Over the past year, I have blogged quite a bit about the consequences of mass incarceration for those in prison – they are separated from their communities, locked away under terrible conditions of confinement, and, upon release, subjected to legalized discrimination and denied basic constitutional protections - making it all the more likely they will someday be sent back to prison. However, what I have focused less on are the consequences for the family members of those incarcerated – those who are left behind when someone is sent away.
Educating young people about their constitutional rights has been a key component of the ACLU of Maine’s mission for well over a decade. In that time our program has grown step by step, and this year we are proud to say we reached more students and schools than ever before.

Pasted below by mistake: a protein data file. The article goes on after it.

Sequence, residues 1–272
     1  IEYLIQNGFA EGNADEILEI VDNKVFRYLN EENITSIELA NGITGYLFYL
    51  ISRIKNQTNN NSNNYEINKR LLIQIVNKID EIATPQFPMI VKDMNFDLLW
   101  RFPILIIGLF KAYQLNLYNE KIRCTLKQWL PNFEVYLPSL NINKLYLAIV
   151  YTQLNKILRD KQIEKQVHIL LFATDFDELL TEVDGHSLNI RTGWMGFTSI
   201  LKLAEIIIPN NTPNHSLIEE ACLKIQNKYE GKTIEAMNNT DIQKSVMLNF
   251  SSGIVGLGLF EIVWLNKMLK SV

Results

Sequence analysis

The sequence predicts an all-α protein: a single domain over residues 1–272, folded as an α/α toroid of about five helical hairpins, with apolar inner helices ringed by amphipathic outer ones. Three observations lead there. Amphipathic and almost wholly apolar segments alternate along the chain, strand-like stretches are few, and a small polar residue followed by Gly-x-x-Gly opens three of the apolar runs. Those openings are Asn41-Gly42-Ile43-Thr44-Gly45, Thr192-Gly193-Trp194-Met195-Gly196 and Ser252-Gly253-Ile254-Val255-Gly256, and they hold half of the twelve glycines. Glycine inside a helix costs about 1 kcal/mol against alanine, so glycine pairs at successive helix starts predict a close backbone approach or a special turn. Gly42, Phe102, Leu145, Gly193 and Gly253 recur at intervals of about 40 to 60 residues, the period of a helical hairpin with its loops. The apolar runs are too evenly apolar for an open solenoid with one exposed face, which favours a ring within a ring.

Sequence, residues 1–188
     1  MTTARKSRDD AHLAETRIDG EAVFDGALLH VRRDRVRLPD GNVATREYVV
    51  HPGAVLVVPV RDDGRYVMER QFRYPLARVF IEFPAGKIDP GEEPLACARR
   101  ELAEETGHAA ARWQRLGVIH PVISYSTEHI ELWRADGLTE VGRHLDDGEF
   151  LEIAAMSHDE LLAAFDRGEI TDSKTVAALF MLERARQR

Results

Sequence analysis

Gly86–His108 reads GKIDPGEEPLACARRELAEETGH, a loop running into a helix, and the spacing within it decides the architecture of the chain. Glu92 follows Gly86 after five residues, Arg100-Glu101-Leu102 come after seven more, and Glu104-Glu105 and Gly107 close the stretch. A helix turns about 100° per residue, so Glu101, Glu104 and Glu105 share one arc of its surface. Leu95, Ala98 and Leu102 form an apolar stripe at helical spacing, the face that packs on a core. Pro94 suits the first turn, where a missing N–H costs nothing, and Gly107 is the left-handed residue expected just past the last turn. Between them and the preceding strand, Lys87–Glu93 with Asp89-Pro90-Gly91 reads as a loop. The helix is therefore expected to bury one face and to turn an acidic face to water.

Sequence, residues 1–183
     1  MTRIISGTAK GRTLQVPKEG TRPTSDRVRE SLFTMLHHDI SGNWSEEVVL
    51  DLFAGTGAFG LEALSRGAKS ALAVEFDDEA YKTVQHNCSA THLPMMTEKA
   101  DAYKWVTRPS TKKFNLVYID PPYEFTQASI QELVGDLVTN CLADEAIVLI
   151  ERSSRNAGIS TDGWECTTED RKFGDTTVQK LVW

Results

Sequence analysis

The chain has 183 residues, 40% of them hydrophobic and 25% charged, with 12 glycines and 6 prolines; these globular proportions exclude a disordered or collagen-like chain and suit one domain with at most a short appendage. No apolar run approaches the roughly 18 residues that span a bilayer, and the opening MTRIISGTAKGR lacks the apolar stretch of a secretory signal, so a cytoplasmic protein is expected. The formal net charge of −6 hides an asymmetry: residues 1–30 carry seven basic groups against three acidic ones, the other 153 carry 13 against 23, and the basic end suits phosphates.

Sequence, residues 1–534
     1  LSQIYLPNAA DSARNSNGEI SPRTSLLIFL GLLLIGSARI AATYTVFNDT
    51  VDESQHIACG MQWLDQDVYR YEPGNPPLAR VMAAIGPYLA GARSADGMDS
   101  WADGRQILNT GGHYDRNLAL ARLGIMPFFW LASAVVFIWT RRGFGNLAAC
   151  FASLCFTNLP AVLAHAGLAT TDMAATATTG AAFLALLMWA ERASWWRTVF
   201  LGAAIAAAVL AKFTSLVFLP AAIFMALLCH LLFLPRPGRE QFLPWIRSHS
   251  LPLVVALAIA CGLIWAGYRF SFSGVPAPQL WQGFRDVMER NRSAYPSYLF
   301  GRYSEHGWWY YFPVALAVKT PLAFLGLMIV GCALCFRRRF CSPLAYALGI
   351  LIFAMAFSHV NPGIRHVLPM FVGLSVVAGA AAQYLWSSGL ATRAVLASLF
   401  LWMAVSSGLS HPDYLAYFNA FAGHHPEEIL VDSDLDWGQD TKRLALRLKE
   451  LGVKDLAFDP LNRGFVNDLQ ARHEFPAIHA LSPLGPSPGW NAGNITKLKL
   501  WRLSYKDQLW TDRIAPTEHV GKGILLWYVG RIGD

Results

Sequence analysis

Thursday, June 5 is a national day of action to take back our privacy. It’s easy to participate: go to www.resetthenet.org to take the pledge and get the tools to protect your privacy online.
One year ago, Edward Snowden brought us proof that government spying is out of control, and that it reaches each and every one of us. Today, he is joining thousands of Americans across the country to take back our privacy.
Last week, I watched a short film by The House I Live In director Eugene Jarecki titled Just Say No …to the War on Drugs. In the 2 minute and 30 second film, Jarecki lays out the failure of the War on Drugs, its enormous costs – both fiscal cost to taxpayers and human cost to our communities, and its ultimate failure to curb and deter drug abuse whatsoever.
At last year’s Pride Parade, the ACLU of Maine crew marched through the streets of Portland with bright blue signs declaring “I’m On Team Edie!” This was our show of support for Edie Windsor, the ACLU’s client in the groundbreaking laws